We knew that New Yorkers wanted to do the right thing and that if we just made it easy, they would. If we talked to them less about reducing greenhouse gas and more about reducing green ooze. Less about CO2, more about pee-ew. Less about methane, and more about giving rats hunger pains. Yahtzee.
This spring, service restarts in Queens following a brief winter pause and becomes year round. There will be no further seasonal breaks in any borough. This fall, service begins in Brooklyn. And the following spring, trucks begin rolling in Staten Island and the Bronx. And finally, on October 7th, 2024, service will come right here to Manhattan, completing the rollout of the first ever citywide curbside composting program. On that day, the rats will be cowering in fear.
But there is more. Today, we lay out a holistic approach to getting the rat food out of the black bags and out of the landfills once and for all. To that end, we have just completed installation of 250 of our popular orange compost smart composting bins where New Yorkers can drop off material 24/7 using an app to find and open the bins. Even while installation of these bins was ongoing, many of them had been regularly filled with pristine compostable material.
We have placed them in a number of traditionally underserved communities including Bushwick, Bed-Stuy, Washington Heights, Harlem, Castle Hill, Parkchester, Highbridge, the area around the Queensbridge Houses, and the North Shore of Staten Island. And with Manhattan receiving curbside collection service last, today we are announcing that we are going to add an additional 150 bins across that borough. From a small pilot of 25 bins in Astoria to 400 bins citywide in about one year. I can also reaffirm that we are on track to be conducting curbside composting service at every DOE school by the end of next school year.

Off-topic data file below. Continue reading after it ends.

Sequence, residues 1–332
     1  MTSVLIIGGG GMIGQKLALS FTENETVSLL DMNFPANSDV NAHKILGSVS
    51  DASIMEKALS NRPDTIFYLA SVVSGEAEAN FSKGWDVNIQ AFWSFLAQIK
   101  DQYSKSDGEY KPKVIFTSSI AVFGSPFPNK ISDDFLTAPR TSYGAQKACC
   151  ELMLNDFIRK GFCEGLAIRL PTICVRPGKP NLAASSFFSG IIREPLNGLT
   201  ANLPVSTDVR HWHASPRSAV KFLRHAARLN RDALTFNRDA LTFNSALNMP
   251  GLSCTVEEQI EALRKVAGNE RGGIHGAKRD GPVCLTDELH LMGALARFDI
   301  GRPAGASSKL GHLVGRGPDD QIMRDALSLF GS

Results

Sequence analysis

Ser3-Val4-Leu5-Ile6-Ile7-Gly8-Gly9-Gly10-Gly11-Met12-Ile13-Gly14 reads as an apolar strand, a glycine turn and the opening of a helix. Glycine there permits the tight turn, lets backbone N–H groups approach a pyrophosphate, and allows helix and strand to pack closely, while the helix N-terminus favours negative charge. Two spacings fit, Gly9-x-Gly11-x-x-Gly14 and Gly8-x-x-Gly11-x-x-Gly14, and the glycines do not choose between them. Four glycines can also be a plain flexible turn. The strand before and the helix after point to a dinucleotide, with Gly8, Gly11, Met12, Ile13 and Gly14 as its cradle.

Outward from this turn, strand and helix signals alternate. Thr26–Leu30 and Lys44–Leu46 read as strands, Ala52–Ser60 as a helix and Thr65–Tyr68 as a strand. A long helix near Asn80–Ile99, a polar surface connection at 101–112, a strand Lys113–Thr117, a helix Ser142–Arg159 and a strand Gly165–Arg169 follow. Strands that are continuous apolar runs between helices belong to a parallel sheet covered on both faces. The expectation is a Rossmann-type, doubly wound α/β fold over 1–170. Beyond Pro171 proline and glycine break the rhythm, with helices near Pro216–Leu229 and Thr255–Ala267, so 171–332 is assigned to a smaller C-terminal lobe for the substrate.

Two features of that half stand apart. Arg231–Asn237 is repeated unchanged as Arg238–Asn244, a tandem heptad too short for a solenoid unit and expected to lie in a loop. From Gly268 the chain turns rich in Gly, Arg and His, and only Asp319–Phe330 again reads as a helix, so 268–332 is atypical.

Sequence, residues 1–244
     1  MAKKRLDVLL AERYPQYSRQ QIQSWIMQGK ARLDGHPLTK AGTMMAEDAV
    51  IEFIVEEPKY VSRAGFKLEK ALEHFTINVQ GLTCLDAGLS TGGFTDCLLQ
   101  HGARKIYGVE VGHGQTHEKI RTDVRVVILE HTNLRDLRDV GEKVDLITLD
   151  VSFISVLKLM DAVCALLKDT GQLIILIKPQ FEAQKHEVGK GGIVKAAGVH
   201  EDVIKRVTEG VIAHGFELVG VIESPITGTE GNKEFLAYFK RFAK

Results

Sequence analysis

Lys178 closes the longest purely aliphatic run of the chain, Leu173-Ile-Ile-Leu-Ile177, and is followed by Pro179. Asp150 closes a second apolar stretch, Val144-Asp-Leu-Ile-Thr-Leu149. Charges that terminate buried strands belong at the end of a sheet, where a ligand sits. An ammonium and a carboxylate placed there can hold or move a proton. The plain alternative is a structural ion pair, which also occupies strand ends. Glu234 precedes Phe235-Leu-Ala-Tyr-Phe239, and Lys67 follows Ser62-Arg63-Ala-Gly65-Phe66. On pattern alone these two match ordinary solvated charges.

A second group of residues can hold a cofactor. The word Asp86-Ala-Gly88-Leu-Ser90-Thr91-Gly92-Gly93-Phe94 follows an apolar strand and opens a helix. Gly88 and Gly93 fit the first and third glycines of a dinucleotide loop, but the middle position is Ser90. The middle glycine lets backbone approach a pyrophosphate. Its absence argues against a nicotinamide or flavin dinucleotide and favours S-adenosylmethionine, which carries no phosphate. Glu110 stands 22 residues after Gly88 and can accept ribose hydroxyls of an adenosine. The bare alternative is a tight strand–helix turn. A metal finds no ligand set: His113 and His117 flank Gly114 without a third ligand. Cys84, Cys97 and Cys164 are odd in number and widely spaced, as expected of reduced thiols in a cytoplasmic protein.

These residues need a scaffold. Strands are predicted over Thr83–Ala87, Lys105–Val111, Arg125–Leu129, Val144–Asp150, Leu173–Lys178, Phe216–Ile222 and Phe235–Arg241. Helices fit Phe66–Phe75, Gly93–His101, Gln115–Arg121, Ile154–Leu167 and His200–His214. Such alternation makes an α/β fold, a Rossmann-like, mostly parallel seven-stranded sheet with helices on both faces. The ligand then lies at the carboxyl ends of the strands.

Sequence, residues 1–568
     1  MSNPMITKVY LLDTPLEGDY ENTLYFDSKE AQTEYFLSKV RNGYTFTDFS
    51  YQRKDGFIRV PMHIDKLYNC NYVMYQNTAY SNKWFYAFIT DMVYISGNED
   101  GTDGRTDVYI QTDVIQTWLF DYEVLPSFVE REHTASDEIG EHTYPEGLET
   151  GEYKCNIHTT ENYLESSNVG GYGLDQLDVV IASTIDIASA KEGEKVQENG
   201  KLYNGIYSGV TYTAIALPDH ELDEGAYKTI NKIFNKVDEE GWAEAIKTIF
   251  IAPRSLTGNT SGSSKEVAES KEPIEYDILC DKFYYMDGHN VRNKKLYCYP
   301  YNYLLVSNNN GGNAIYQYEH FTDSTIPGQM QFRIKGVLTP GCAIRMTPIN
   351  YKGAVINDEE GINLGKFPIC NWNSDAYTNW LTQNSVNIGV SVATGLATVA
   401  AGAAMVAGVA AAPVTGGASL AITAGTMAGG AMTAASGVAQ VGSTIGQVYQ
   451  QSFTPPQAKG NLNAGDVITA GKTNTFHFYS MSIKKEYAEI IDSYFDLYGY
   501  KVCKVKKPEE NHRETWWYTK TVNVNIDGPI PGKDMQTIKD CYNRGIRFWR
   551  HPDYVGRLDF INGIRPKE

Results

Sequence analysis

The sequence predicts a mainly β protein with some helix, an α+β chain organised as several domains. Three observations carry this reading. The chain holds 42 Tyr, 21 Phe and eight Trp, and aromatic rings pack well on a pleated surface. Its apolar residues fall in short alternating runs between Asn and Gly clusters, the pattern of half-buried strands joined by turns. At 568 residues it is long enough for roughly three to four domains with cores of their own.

Finally, we are announcing a special thank you to the people of Queens who helped prove this program to be a success. This spring, all Queens residents will be able to pick up 40 pound bags of New York City compost for use in their yards and their gardens. At least one event per Queens community board. DSNY will continue to conduct more compost giveback events in every borough as the program proceeds, where the material that residents put out for composting is given back to them the following year as usable soil.
Every piece of this holistic wraparound approach we are announcing today is a huge win for cleanliness, a huge win for sustainability. Any single piece of it would've been huge on its own, but this mayor wanted composting to be easy in every corner of the city. And now, it will be.